B. Rosie Lerner
Purdue Extension


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Help Your Garden Cope with Dry Spell

Dry summers are not unusual in Indiana. In fact, I addressed dry conditions in this column just two years ago. Gardeners struggle hard enough to maintain healthy plants when extreme high temperatures are accompanied by lack of rain. What compounds the stress of this year's dry weather is that it follows the wild weather extremes experienced earlier this year.

March brought unseasonably warm temperatures to lure plants out of dormancy, and then April put the freeze on many of those plants. So some plants that may have already been struggling to get by could be finished off by the current hot, dry weather, unless gardeners come to their rescue.

During prolonged dry conditions, community water restrictions may require gardeners to limit watering and prioritize which plants will get first aid. Newly planted trees, shrubs, flowers and vegetables are at greatest risk of injury. Most gardeners are accustomed to watering flowerbeds and vegetable gardens regularly. These plants require approximately 1 to 1 1/2 inches of water per week to maintain optimum flowers, foliage, roots and fruits.

Established plants may tolerate 10-14 days between waterings but be aware that problems, such as fruit cracking and blossom end-rot, will increase. Watering is most critical at pollination and fruit-set time. Apply mulch where possible to conserve what moisture there is, and reduce competition from weeds.

The best way to irrigate plants is to gently soak the soil with the prescribed amount of water in one application. This deep watering encourages deeper root growth, which in turn will be better able to withstand dry spells. Frequent shallow watering, on the other hand, encourages shallow roots, which are more likely to succumb to heat and drying of the topsoil. Sandy soil and container plants need more frequent irrigation.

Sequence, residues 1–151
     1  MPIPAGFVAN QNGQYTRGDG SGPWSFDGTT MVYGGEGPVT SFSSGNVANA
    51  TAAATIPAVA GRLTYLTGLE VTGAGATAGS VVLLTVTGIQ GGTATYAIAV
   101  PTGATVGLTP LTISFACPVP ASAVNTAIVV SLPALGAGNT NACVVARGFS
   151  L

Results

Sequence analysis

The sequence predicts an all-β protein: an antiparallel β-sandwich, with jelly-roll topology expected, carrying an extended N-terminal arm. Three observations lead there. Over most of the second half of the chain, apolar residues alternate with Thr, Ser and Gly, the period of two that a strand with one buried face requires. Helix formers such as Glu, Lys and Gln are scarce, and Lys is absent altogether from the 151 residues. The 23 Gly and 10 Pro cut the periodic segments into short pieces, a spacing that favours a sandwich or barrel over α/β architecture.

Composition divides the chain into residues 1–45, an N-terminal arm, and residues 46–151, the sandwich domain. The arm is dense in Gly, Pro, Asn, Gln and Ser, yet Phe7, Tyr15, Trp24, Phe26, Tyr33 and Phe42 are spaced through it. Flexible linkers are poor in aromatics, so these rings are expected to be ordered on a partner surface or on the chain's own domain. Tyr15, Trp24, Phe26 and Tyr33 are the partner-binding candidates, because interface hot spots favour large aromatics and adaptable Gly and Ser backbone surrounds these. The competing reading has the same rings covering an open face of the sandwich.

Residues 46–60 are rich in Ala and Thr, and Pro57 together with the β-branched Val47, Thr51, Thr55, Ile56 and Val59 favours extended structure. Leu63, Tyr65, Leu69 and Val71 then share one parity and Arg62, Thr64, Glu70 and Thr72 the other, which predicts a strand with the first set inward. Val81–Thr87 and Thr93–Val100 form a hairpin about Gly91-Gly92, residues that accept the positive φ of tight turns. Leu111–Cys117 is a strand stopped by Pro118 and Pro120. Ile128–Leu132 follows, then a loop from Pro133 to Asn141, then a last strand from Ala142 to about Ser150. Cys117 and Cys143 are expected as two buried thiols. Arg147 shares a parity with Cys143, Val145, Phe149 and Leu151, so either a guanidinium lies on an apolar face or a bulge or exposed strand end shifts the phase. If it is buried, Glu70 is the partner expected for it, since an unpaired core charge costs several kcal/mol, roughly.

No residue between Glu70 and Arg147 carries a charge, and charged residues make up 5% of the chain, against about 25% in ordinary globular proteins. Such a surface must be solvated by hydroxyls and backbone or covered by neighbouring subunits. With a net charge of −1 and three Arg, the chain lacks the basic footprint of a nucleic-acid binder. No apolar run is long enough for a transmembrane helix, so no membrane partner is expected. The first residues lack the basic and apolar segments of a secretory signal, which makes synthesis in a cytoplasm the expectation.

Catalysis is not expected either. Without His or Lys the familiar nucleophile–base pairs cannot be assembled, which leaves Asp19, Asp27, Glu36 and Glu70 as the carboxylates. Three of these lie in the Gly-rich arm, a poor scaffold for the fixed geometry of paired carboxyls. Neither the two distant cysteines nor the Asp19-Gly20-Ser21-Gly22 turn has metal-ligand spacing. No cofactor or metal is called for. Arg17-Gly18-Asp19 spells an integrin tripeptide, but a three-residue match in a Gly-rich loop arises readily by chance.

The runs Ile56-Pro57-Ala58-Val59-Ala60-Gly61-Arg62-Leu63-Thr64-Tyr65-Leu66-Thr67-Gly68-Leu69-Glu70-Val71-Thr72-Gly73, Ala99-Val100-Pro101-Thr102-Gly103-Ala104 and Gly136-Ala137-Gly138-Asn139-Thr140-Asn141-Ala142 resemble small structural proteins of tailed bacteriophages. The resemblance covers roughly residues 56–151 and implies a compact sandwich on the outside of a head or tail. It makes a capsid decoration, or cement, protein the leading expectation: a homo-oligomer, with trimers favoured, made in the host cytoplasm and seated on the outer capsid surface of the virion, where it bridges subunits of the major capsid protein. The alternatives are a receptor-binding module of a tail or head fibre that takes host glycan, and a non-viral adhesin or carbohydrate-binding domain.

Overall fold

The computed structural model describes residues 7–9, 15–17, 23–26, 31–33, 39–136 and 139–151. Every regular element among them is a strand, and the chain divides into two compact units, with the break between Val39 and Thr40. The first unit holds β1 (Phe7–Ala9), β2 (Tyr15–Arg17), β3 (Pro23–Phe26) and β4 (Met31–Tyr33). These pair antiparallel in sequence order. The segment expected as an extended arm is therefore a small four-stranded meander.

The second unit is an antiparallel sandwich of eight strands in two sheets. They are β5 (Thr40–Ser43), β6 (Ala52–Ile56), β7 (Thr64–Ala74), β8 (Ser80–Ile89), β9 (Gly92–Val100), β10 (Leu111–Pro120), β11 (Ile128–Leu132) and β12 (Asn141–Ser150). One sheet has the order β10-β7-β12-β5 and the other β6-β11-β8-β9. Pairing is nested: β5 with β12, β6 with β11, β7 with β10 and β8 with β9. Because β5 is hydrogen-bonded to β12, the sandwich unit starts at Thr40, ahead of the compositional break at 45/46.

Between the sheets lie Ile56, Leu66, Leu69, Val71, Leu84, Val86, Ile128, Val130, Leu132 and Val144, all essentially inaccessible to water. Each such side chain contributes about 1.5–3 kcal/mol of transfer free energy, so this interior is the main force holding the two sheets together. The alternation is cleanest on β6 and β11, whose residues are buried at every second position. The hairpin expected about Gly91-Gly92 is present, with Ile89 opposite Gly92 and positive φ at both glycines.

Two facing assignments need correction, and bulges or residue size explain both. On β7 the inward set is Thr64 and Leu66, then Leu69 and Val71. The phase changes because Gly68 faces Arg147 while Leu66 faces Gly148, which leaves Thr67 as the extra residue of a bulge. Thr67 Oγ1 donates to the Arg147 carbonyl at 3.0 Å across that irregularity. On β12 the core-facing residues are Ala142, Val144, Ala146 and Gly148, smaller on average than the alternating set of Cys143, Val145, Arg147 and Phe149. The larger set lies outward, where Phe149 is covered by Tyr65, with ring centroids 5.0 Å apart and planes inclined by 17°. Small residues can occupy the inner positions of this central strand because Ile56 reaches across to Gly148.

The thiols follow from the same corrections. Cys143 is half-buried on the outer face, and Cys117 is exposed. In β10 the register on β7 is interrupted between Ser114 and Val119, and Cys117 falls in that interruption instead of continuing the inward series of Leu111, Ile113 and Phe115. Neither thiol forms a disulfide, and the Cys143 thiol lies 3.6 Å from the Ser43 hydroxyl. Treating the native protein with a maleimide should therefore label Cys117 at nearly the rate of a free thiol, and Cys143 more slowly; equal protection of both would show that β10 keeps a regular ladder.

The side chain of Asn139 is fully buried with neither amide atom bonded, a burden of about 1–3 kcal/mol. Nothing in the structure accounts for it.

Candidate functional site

The time it takes to apply the proper amount of water depends on how much water pressure you have, the amount of space you need to cover, air temperature and wind speed. You'll need about 50 gallons of water to apply 1 inch of water to a 100-square-foot area.

Leaf scorch on trees and shrubs, which appears as browning of leaf edges, is very common in most dry summers. Couple that with the spring freeze injury and many trees and shrubs are dropping leaves before they turn brown.

While minor cases of leaf scorch and leaf drop are not terribly harmful to the plant, prolonged lack of moisture can spell disaster for landscape plants. Young and newly established plants are most susceptible to the dry conditions, but even established plants may reach a critical point during prolonged drought. Branch and root dieback make plants more susceptible to winter injury. Plants already stressed by other factors may succumb to severely dry soils.

Keep in mind that next year's growth will be determined by buds that form this summer and early fall. Flower buds for many spring-flowering and fruiting plants will also be developing during this time. So even if your plants aren't showing any symptoms now, the damage may become apparent next season.

Watering landscape and fruit plants should be aimed at where the roots naturally occur. While these woody plants have some roots that grow very deep, most of the feeder roots that are responsible for water uptake grow in the top 12-18 inches of soil. Most feeder roots are concentrated below the dripline of the foliage canopy and outward, not up close to the trunk. Allow water to thoroughly soak the target area by applying water at a slow enough rate to allow penetration rather than wasting water as runoff. Apply the water no faster than 1 inch per hour. As with annual plants, applying mulch will help prevent moisture loss due to evaporation.

The ideal time to water is before 8 a.m. This makes maximum use of water while allowing foliage to dry. Midday watering when temperatures are high, sunshine is strong and winds are brisk wastes substantial water. Watering during the evening or overnight can make plants more susceptible to disease infection by providing the surface moisture needed by fungi and bacteria. Of course, if your community imposes restrictions on water use, ideal watering practices may not be possible. If your community is under restricted water use, it is certainly better to water when permitted than not water at all.

Household gray water, such as that leftover from the bath or washing dishes can be used, within limits, if fresh water is not available. Detergents in gray water contain salts that can accumulate to harmful levels in the soil. Use gray water only as a last resort, and use it as sparingly as possible to avoid salt build up. Never use gray water on edible crops or on containerized plants.


Writer: B. Rosie Lerner
Editor: Olivia Maddox